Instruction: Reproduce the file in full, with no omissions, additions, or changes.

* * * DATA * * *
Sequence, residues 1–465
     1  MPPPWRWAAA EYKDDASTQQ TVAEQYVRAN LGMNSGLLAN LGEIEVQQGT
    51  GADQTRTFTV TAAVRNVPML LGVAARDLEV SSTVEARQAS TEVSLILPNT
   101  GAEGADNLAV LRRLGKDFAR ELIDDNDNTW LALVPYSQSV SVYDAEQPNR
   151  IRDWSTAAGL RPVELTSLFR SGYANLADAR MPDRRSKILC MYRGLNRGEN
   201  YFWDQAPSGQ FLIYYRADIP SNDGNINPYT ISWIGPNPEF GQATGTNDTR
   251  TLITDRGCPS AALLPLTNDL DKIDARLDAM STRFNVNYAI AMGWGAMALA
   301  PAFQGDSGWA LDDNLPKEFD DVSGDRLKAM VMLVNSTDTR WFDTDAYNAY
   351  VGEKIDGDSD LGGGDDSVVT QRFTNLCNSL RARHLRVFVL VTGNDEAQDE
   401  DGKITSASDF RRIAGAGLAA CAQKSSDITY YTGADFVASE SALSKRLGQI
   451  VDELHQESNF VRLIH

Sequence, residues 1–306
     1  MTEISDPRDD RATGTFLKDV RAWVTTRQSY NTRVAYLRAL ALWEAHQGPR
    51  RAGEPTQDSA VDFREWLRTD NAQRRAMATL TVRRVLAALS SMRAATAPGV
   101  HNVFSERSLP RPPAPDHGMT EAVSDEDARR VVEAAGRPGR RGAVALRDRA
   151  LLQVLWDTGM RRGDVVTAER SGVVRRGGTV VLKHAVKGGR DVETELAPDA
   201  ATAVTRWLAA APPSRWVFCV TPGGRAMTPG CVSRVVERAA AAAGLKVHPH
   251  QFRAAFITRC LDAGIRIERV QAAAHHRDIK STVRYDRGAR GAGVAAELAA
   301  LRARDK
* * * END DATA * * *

Sequence, residues 1–465
     1  MPPPWRWAAA EYKDDASTQQ TVAEQYVRAN LGMNSGLLAN LGEIEVQQGT
    51  GADQTRTFTV TAAVRNVPML LGVAARDLEV SSTVEARQAS TEVSLILPNT
   101  GAEGADNLAV LRRLGKDFAR ELIDDNDNTW LALVPYSQSV SVYDAEQPNR
   151  IRDWSTAAGL RPVELTSLFR SGYANLADAR MPDRRSKILC MYRGLNRGEN
   201  YFWDQAPSGQ FLIYYRADIP SNDGNINPYT ISWIGPNPEF GQATGTNDTR
   251  TLITDRGCPS AALLPLTNDL DKIDARLDAM STRFNVNYAI AMGWGAMALA
   301  PAFQGDSGWA LDDNLPKEFD DVSGDRLKAM VMLVNSTDTR WFDTDAYNAY
   351  VGEKIDGDSD LGGGDDSVVT QRFTNLCNSL RARHLRVFVL VTGNDEAQDE
   401  DGKITSASDF RRIAGAGLAA CAQKSSDITY YTGADFVASE SALSKRLGQI
   451  VDELHQESNF VRLIH

Sequence, residues 1–306
     1  MTEISDPRDD RATGTFLKDV RAWVTTRQSY NTRVAYLRAL ALWEAHQGPR
    51  RAGEPTQDSA VDFREWLRTD NAQRRAMATL TVRRVLAALS SMRAATAPGV
   101  HNVFSERSLP RPPAPDHGMT EAVSDEDARR VVEAAGRPGR RGAVALRDRA
   151  LLQVLWDTGM RRGDVVTAER SGVVRRGGTV VLKHAVKGGR DVETELAPDA
   201  ATAVTRWLAA APPSRWVFCV TPGGRAMTPG CVSRVVERAA AAAGLKVHPH
   251  QFRAAFITRC LDAGIRIERV QAAAHHRDIK STVRYDRGAR GAGVAAELAA
   301  LRARDK